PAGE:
If you want to know who really controls Compass Diversified (NYSE:CODI), then you'll have to look at the makeup of its share registry. Generally speaking, as a company grows, institutions will increase their ownership. Conversely, insiders often decrease their ownership over time. Companies that have been privatized tend to have low insider ownership.
Compass Diversified has a market capitalization of US$1.5b, so we would expect some institutional investors to have noticed the stock. In the chart below, we can see that institutions are noticeable on the share registry. We can zoom in on the different ownership groups, to learn more about Compass Diversified.
What Does The Institutional Ownership Tell Us About Compass Diversified?
Institutional investors commonly compare their own returns to the returns of a commonly followed index. So they generally do consider buying larger companies that are included in the relevant benchmark index.
As you can see, institutional investors have a fair amount of stake in Compass Diversified. This suggests some credibility amongst professional investors. But we can't rely on that fact alone since institutions make bad investments sometimes, just like everyone does. If multiple institutions change their view on a stock at the same time, you could see the share price drop fast. It's therefore worth looking at Compass Diversified's earnings history below. Of course, the future is what really matters.
It looks like hedge funds own 12% of Compass Diversified shares. That's interesting, because hedge funds can be quite active and activist. Many look for medium term catalysts that will drive the share price higher. Our data shows that Compass Group Investments, Inc is the largest shareholder with 12% of shares outstanding. With 8.4% and 5.7% of the shares outstanding respectively, American Century Investment Management Inc and The Vanguard Group, Inc. are the second and third largest shareholders. Additionally, the company's CEO Elias Sabo directly holds 0.8% of the total shares outstanding.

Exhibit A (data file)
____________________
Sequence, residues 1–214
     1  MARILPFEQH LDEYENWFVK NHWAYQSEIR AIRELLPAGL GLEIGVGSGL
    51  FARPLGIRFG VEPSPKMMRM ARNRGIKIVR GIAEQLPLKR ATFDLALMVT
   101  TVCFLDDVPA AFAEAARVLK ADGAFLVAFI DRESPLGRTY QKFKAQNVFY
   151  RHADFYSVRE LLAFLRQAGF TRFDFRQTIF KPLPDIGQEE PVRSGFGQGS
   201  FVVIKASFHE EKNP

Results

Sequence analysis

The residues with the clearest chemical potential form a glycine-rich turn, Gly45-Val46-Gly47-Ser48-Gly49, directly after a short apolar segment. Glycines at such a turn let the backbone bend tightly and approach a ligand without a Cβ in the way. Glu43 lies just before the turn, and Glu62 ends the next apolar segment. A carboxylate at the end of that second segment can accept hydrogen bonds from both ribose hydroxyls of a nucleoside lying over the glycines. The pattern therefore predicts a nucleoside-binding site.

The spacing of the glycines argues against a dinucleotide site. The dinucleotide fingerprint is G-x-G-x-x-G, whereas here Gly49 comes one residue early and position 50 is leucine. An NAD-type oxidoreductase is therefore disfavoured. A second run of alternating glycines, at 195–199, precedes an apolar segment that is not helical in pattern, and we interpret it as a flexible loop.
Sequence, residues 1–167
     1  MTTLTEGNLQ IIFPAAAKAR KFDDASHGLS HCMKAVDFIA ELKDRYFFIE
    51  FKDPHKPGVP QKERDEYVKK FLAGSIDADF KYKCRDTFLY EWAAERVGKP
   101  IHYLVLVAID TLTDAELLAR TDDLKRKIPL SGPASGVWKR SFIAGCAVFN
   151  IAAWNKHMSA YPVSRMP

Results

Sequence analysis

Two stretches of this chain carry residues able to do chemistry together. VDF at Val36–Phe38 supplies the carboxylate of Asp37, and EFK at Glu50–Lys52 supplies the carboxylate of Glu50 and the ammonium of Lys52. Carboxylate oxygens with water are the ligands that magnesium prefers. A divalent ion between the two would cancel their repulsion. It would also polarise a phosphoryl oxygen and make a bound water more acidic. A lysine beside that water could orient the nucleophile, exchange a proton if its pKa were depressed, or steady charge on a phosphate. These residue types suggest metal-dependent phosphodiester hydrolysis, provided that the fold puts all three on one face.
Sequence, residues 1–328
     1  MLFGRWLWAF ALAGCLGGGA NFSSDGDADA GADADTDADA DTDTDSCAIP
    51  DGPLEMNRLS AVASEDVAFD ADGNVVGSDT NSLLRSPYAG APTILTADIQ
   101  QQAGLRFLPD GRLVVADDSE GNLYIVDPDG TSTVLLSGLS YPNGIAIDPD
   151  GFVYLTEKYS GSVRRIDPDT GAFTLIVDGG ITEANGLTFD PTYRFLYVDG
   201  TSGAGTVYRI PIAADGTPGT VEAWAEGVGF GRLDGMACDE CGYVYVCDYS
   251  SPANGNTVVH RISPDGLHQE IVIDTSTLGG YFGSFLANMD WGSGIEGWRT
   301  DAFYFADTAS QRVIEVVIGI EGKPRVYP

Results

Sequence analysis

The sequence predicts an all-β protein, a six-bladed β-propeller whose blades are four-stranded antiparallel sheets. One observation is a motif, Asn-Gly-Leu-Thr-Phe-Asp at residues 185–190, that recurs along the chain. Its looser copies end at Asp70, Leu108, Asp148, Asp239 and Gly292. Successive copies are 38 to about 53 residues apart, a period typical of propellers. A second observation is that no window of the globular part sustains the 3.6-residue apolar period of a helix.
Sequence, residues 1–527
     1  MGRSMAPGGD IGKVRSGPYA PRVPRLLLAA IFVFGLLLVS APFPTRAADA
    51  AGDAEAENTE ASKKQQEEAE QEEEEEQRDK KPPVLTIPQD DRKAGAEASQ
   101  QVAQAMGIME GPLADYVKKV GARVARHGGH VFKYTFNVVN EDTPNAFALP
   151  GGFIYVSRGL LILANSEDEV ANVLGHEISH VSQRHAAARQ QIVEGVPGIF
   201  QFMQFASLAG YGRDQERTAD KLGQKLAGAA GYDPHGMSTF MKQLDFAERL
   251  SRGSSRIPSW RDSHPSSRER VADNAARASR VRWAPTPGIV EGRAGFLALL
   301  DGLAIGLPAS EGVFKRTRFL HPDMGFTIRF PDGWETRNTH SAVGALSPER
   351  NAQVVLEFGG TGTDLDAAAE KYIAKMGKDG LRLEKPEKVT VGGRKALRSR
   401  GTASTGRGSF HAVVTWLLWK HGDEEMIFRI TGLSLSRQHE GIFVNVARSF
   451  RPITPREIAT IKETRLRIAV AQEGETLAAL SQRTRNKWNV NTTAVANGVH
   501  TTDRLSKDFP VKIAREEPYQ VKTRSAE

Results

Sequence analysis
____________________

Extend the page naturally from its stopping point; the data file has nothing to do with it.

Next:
On studying our ownership data, we found that 25 of the top shareholders collectively own less than 50% of the share register, implying that no single individual has a majority interest.
While it makes sense to study institutional ownership data for a company, it also makes sense to study analyst sentiments to know which way the wind is blowing. Quite a few analysts cover the stock, so you could look into forecast growth quite easily.
Insider Ownership Of Compass Diversified
While the precise definition of an insider can be subjective, almost everyone considers board members to be insiders. Company management run the business, but the CEO will answer to the board, even if he or she is a member of it.
I generally consider insider ownership to be a good thing. However, on some occasions it makes it more difficult for other shareholders to hold the board accountable for decisions.
We can report that insiders do own shares in Compass Diversified. This is a big company, so it is good to see this level of alignment. Insiders own US$36m worth of shares (at current prices). It is good to see this level of investment by insiders. You can check here to see if those insiders have been buying recently.
General Public Ownership
With a 44% ownership, the general public, mostly comprising of individual investors, have some degree of sway over Compass Diversified. This size of ownership, while considerable, may not be enough to change company policy if the decision is not in sync with other large shareholders.
It's always worth thinking about the different groups who own shares in a company. But to understand Compass Diversified better, we need to consider many other factors. For example, we've discovered 2 warning signs for Compass Diversified (1 is a bit concerning!) that you should be aware of before investing here.
Ultimately the future is most important. You can access this free report on analyst forecasts for the company.
NB: Figures in this article are calculated using data from the last twelve months, which refer to the 12-month period ending on the last date of the month the financial statement is dated. This may not be consistent with full year annual report figures.
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This article by Simply Wall St is general in nature. We provide commentary based on historical data and analyst forecasts only using an unbiased methodology and our articles are not intended to be financial advice. It does not constitute a recommendation to buy or sell any stock, and does not take account of your objectives, or your financial situation. We aim to bring you long-term focused analysis driven by fundamental data. Note that our analysis may not factor in the latest price-sensitive company announcements or qualitative material. Simply Wall St has no position in any stocks mentioned.